The world’s largest technology manufacturer derives more than half of its total revenues from the device launched 12 years ago.
The continued drop in sales of Apple’s flagship iPhone has weighed on its latest earnings, dragging quarterly profits down 10% to $13bn.
iPhone sales fell 12% in the quarter to $25.06bn.
The drop is highly significant for the world’s largest technology manufacturer because it derives more than half of its total revenues from the device – launched 12 years ago.
This comes as customers hold on to their smartphones for longer, and competition from rivals in China offering cheaper, feature-rich handsets eats into Apple’s market share.
China’s slowing economy also hurt Apple, where the tech giant generates around 20% of its revenue.
Sales in Greater China – including Hong Kong and Taiwan – fell 4% to $9.16bn.
Falling iPhone revenues were offset with sales growth in every other area of Apple’s business, including its iPad tablets and Mac computers.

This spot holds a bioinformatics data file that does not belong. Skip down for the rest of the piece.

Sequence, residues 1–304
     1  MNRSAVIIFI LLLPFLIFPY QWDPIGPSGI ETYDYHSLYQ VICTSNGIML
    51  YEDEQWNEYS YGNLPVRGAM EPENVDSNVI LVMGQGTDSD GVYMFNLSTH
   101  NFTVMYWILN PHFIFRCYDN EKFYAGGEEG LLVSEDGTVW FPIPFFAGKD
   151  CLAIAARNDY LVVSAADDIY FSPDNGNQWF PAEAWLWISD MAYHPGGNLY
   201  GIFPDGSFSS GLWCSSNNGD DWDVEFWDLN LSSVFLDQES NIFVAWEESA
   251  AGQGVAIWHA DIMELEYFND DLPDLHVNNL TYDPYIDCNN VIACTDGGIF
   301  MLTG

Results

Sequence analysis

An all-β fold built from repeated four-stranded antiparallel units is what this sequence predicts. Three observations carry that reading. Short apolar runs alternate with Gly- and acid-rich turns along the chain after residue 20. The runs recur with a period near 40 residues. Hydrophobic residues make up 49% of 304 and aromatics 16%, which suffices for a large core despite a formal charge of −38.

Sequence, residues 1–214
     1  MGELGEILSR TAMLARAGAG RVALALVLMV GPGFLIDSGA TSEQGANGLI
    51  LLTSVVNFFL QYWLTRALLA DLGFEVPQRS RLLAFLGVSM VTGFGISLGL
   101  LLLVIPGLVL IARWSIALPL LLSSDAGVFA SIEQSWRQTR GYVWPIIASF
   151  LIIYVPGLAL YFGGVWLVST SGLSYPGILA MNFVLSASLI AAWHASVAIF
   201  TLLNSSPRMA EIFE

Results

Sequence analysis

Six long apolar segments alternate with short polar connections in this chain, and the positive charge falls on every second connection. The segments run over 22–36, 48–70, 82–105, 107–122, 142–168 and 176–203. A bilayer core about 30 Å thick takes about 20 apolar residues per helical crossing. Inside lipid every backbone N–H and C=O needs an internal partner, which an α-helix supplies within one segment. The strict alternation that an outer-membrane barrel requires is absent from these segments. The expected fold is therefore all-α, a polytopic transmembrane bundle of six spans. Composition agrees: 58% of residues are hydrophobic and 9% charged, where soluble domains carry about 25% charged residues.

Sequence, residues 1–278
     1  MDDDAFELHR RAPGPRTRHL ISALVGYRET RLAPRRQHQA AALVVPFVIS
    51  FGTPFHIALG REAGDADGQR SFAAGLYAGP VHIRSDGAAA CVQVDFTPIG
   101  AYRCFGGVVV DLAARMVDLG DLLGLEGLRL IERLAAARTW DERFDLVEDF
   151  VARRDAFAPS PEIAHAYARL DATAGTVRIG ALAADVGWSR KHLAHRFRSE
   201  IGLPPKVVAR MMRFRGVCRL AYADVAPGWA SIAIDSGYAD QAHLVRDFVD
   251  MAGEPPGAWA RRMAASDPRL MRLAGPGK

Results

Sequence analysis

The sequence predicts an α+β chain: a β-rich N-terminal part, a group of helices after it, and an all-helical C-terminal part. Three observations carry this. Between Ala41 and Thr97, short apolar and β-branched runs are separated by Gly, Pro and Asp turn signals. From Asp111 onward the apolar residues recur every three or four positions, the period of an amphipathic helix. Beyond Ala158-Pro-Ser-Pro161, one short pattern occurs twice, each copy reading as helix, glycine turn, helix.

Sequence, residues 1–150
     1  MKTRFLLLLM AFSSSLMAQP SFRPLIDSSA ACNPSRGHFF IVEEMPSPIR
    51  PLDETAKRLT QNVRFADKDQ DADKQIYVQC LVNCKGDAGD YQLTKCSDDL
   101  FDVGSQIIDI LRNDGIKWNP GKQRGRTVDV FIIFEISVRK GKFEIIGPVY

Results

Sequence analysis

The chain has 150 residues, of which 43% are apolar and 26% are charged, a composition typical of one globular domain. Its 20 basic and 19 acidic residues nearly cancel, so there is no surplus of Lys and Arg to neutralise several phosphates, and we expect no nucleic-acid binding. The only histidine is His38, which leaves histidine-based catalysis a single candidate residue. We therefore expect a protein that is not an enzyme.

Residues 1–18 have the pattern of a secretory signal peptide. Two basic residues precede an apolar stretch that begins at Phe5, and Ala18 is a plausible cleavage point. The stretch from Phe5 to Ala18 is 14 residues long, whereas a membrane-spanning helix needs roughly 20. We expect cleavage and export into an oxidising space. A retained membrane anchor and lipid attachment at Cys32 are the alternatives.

Sales from its closely-watched services business, which includes its App Store, Apple Pay mobile payments and device insurance arms, were up 13% to $11.46bn, but this marked the smallest quarterly rise since 2015.
Revenue for the quarter was up 1% to $53.8bn, just above consensus estimates of flat sales at $53.4bn
Apple said it expects revenue in the current (fourth) quarter to come in at between $61bn and $64bn, above analysts’ expectations.
The company has taken a large bet on digital services as an alternative source of profit from the 900 million iPhones being used today, having launched to great fanfare the likes of the Apple TV+ streaming service, Apple News+ featuring magazines, the Apple Arcade gaming subscription service and an Apple credit card.
Apple shares fell 1% ahead of reporting its results after markets closed, but in after-hours trading was up more than 4.5%
Last week US president Donald Trump said his administration would give no tariff concessions to Apple on parts it imported from China for its Mac Pro desktop computer, as trade war rhetoric against China ramped up.
Last month the Wall Street Journal reported that Apple would shift manufacturing of the computer from China to Texas.